Happy Trailers at Riverdale Country School
ARO makes the best of a temporary site with bright graphics and playful design.
Architects & Firms
When ARO began designing a new building for the Riverdale Country School’s third through fifth graders, to be located on the site of the existing elementary school, it faced a familiar challenge: where would they house students and teachers during the year-and-a-half construction project?
Instead of the typical cluster of dreary modular classrooms crammed in a schoolyard or parking lot, ARO devised a playful solution for a corner of the private school’s lush campus overlooking the Hudson River. The architects mapped out 13 trailers: three classrooms for each grade, plus restrooms and two shared creative spaces. While the units themselves are standard trailer-like structures—prefabricated off-site by Williams Scotsman—the architects configured them to form their own mini-campus, collaborating with the Rockwell Group and Open to determine a site plan that would establish insularity while maintaining access to nearby facilities. The school gave the site its own name: the Learning Complex.
Eye-popping super-graphics define each unit, infusing the site with youthful energy. Open, a design studio, offered each grade a selection of colors and cheerful insignia and asked them to vote for their favorites; the winners were painted onto the trailers. The units’ interiors vary by grade as well; ARO worked with the Rockwell Group to determine the fit-out of each classroom, choosing and arranging furnishings to suit various co-teaching models.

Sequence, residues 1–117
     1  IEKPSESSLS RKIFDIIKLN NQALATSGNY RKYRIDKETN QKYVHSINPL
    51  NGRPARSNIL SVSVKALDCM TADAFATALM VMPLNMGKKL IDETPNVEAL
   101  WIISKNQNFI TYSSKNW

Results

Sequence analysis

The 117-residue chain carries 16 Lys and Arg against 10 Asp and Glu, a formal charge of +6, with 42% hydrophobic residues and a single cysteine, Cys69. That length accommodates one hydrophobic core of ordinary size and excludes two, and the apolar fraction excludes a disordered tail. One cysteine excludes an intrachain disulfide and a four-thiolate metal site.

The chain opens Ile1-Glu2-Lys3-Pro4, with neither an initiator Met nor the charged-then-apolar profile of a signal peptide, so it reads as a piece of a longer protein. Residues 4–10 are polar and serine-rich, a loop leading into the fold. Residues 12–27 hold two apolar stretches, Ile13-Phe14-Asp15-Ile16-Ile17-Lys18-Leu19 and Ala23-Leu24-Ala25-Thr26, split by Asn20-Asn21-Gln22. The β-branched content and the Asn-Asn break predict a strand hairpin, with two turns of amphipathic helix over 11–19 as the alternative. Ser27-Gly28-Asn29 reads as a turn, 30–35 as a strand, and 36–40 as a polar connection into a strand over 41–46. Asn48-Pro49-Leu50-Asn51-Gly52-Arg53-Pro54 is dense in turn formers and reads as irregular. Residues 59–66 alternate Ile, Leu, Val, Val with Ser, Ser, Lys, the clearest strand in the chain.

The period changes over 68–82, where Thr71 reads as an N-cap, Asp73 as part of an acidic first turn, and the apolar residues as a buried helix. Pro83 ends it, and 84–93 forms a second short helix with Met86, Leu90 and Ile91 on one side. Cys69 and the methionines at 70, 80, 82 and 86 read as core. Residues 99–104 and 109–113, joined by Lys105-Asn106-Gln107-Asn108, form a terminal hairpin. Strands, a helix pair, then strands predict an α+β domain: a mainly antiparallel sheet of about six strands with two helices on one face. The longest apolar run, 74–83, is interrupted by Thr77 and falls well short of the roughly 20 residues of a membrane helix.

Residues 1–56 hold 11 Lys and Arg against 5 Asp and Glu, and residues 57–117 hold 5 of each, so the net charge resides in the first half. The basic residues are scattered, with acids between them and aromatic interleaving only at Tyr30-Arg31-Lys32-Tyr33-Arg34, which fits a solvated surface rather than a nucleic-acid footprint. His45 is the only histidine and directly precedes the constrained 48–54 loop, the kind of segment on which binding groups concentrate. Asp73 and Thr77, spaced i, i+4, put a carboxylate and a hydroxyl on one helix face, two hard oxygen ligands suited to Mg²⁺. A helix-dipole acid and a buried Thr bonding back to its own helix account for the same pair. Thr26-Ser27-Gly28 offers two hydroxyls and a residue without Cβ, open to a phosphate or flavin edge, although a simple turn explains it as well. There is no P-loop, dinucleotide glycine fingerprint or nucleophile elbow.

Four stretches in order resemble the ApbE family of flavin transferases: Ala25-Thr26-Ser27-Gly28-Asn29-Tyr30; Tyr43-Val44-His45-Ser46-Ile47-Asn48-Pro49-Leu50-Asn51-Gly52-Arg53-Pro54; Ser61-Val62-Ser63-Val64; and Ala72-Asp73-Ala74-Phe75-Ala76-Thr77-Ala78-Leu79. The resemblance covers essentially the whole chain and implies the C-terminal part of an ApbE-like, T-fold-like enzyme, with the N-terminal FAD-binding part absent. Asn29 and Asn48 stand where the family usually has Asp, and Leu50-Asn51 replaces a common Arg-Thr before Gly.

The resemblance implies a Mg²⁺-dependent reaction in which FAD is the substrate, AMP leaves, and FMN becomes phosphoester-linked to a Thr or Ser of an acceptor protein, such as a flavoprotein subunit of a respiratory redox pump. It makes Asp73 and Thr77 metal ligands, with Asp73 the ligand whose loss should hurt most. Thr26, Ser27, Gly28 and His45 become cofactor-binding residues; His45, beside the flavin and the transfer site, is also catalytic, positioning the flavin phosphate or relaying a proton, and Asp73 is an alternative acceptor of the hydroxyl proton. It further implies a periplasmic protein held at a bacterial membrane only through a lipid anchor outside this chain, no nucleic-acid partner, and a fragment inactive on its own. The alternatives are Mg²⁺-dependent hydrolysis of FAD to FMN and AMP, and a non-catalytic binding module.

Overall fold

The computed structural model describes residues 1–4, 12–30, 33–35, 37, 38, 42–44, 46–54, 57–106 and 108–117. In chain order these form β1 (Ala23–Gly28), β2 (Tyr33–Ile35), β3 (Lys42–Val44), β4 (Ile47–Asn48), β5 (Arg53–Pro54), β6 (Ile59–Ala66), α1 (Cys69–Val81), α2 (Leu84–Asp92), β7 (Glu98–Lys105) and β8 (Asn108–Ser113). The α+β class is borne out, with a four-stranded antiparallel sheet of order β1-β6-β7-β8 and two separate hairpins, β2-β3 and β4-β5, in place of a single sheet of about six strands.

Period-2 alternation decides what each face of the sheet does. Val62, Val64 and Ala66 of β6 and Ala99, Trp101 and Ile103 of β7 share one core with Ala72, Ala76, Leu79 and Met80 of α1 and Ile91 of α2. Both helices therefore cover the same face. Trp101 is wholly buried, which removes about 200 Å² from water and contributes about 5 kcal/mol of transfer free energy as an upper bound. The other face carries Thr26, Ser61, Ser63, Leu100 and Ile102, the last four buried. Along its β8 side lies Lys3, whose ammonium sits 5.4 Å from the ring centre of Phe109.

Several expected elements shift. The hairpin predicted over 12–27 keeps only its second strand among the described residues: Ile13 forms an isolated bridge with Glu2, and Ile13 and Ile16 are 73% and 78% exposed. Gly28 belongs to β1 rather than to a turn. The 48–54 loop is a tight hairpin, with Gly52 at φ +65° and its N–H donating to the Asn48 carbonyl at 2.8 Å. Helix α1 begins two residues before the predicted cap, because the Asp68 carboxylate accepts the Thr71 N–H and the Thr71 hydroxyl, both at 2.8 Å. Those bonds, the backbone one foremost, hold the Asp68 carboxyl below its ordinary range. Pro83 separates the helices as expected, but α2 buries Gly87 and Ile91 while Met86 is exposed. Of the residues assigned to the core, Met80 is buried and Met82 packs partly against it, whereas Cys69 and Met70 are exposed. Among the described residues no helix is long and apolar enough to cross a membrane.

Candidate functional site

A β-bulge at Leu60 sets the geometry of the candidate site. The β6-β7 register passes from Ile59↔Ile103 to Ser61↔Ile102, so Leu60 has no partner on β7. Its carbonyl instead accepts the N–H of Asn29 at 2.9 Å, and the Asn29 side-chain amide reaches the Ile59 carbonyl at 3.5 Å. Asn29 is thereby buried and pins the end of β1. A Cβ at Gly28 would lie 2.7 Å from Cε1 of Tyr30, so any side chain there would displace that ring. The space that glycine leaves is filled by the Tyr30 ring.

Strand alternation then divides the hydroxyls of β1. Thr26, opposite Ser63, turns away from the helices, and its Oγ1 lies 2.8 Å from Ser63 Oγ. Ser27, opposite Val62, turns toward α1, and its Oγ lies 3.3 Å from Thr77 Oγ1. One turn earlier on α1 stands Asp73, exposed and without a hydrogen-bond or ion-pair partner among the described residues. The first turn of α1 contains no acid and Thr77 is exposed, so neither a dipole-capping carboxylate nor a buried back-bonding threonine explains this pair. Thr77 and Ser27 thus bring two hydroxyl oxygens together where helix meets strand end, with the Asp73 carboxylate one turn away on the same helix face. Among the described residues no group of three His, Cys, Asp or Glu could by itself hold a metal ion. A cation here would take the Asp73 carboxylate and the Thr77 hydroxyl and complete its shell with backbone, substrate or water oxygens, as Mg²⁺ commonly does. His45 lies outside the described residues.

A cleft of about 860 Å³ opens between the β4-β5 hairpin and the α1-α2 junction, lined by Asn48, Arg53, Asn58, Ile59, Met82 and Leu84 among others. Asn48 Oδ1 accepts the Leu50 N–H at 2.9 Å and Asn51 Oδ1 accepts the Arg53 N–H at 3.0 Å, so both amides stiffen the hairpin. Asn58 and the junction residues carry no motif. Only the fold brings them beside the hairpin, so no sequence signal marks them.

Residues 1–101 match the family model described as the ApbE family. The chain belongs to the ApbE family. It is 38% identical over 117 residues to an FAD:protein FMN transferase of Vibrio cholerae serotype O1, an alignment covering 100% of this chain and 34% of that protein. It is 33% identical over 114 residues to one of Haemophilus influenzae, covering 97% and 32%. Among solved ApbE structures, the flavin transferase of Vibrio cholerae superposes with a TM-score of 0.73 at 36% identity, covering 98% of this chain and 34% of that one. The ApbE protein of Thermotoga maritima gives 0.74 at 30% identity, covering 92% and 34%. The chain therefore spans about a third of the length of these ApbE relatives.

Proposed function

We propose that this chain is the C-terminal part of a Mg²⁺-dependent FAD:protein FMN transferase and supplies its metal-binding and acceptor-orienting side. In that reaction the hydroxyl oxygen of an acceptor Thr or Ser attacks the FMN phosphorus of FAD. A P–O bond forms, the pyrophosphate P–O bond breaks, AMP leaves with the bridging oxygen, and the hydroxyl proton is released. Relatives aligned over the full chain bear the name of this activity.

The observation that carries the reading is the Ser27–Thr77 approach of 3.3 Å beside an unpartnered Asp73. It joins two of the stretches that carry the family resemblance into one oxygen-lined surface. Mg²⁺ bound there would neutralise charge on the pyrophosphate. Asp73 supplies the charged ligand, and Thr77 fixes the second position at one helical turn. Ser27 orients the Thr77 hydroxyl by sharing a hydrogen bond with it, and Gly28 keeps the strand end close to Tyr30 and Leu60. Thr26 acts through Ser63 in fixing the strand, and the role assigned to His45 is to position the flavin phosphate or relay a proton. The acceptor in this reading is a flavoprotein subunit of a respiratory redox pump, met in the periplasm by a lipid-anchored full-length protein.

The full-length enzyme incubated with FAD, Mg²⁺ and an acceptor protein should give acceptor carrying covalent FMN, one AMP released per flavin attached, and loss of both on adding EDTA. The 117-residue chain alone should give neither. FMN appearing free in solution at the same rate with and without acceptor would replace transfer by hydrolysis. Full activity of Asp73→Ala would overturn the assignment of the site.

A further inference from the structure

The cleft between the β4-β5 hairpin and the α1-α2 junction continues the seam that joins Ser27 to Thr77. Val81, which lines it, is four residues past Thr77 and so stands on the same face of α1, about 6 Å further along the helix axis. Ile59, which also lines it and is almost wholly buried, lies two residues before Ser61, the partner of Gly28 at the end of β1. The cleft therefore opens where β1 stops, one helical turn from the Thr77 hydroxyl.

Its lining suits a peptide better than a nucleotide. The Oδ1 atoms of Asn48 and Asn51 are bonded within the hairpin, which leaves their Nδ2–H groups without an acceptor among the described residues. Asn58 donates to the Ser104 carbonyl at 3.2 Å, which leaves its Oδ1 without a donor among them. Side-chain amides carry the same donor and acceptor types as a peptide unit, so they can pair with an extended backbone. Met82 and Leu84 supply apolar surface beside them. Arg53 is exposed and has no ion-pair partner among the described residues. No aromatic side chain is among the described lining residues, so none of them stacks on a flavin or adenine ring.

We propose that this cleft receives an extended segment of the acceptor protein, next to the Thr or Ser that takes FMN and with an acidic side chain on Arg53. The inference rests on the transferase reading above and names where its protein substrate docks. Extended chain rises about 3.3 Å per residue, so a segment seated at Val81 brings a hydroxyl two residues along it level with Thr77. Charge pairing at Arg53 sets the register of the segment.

According to ARO principal Kim Yao, the temporary site also functions as a testing ground for the new building, which is scheduled to be completed in time for the 2016–17 school year. “The Learning Complex has to enact the things we want the building to enact,” she says. Central to this experimental outlook are the complex’s “Make” and “Look” units, which face each other at the site’s core. The former is filled with resources for art projects and science experiments; the latter offers room for students to pin their work on the walls or gather for presentations. These collaborative spaces will be scaled up in the new building.
Planted on the stretch between the Make and Look spaces is a signpost that cheerfully points students to an array of locales, nearby and global, that includes each grade’s classrooms, the Hudson—and Mount Everest. To the north, though not noted on the signpost, construction workers have just topped off the steel structure of the new building.
Administrators had worried about how students and faculty would adjust to the temporary quarters. But, according to Tim Sacks, co-director of Lower School Admission, people have embraced the situation.
“It’s been a reflective year for the school,” he says. “We’re learning to be more fluid in the way we work.”